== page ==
Spring is in the air and. . . guess what?
It may be the reason many of us find ourselves accidentally wetting ourselves more than we’d like.
There are some reasons why this occurs:
- All that pollen floating around makes us more susceptible to allergies like asthma and hayfever and their associated coughing and sneezing fits.
- The cuddly layer of body fat that kept us warm over winter might be weighing us down.
- Many of us decide now’s the time to get our bodies into shape for summer.
These three factors have one thing in common; they can each put our pelvic floors under undue stress and exacerbate stress incontinence.
So what is stress incontinence? It’s the urine leakage that happens when we place too much stress on our pelvic floor muscles.
These are the trampoline-like muscles suspended from the tailbone to the public bone and across both sitting bones. As well as holding up our intestines, bladder and other pelvic organs, they help close off our urinary and anal sphincters.
The reason we leak urine comes down to physics; it’s the result of a greater downward force on the bladder (caused by the sneezing, coughing or jogging) than the closure force of the urinary sphincter.
So, how do we survive spring without the leakage?
In most cases it’s simply a matter of strengthening our pelvic floor muscles so they’re able to handle the added stress and keep those sphincters shut tight.
Like any other muscles, our pelvic floor muscles need to be exercised regularly to become stronger.
Here are a few other tips to get you through spring:
- If you have allergies, hayfever, asthma or any other condition that causes chronic coughing or sneezing, go to your doctor for treatment.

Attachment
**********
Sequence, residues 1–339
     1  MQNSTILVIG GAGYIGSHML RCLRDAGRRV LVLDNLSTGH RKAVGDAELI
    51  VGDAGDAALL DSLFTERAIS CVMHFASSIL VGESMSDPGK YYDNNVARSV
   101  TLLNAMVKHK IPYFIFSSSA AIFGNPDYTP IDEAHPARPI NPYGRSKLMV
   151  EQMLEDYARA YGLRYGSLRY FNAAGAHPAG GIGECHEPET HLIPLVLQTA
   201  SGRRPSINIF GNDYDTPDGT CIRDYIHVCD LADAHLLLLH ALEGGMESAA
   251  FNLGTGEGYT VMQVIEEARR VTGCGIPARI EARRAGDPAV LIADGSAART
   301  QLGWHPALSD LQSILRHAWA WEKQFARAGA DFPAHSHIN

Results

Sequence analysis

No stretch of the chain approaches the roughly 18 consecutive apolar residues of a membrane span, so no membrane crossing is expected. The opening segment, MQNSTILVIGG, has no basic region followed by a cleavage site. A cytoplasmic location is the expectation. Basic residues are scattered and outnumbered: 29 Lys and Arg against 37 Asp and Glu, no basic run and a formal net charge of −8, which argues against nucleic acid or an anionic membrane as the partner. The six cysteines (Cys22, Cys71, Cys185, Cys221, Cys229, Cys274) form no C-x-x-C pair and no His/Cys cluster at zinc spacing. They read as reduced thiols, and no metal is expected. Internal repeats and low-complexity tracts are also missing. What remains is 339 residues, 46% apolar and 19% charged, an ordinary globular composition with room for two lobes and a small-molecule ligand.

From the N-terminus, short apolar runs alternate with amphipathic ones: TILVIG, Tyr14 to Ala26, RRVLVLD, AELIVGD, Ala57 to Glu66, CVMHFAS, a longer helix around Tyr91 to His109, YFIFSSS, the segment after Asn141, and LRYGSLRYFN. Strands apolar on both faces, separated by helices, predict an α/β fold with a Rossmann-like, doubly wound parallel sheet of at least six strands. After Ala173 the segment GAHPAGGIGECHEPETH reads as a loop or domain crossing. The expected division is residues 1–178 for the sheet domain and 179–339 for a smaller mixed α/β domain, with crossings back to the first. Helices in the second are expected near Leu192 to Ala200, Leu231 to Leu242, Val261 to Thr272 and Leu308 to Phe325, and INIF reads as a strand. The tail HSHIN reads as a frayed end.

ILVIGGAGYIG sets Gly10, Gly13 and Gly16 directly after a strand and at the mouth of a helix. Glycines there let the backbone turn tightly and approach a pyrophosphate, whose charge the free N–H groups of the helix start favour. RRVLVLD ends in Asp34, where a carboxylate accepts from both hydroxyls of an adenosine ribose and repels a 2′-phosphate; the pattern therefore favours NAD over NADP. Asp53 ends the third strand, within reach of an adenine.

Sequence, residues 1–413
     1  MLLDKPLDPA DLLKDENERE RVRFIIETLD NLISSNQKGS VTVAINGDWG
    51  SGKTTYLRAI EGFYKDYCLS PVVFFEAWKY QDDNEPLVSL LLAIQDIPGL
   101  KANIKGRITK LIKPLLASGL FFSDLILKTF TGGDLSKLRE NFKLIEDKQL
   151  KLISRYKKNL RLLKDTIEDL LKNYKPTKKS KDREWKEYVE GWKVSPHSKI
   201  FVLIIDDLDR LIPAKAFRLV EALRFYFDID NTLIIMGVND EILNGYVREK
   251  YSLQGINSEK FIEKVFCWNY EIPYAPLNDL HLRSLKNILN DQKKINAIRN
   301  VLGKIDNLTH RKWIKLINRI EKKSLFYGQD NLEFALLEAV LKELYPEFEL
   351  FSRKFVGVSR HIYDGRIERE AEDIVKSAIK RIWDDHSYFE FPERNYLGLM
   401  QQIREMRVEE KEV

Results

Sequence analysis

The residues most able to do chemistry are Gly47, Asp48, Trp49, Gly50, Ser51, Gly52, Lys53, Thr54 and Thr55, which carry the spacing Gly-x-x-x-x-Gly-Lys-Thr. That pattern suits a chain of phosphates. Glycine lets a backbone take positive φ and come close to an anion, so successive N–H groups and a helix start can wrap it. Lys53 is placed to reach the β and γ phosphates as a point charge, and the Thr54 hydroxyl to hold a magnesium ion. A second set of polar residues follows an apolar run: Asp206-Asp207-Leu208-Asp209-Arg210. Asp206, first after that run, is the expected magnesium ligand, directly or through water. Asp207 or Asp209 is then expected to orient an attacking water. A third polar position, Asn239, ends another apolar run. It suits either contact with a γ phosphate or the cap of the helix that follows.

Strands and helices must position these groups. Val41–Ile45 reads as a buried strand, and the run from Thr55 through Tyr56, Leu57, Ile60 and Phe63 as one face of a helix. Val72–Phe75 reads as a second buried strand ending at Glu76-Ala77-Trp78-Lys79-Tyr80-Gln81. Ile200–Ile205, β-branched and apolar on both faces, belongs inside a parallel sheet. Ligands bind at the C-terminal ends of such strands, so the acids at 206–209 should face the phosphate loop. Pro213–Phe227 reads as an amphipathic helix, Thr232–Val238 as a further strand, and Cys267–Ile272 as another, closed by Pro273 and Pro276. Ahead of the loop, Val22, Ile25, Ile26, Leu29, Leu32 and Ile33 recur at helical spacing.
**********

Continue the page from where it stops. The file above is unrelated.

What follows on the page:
- Try to keep your weight within the healthy weight range. Weight loss significantly reduces your chances of urinary incontinence, with research showing that losing just five to 10 per cent of body weight reducing the incidence of urinary incontinence by around 70 percent. In fact, weight loss has been shown to be an effective treatment for urinary incontinence.
- When you start your fitness regime, try to avoid high-impact or resistance exercises like lifting, running or lunges that place undue stress on your pelvic floor. Of course, if you have a strong pelvic floor, there’s no reason to avoid these activities, but in the meantime, there are many exercises you can do that won’t strain your pelvic floor. Go here to check these out, or download the free Pelvic Floor Safe Exercises app from the App Store or Google Play.
- Constipation is another avoidable condition that can significantly exacerbate incontinence. Straining on the toilet also stresses the pelvic floor, causing the muscles to stretch and weaken.
- Download this brochure Good Bladder Habits For Everyone it outlines the five steps to healthy bladders.
Remember, it’s not normal to have bladder leakage – light or otherwise.
In the majority of cases it’s preventable and quite treatable – often by taking simple, preventative steps.
For advice and information on incontinence, bladder or bowel issues, phone the free, confidential National Continence Helpline (1800 33 00 66), which is staffed by continence nurses and managed by the Continence Foundation of Australia. Or go here for more information.
Have you noticed your bladder leakage getting worse around spring? Please share in the comments below.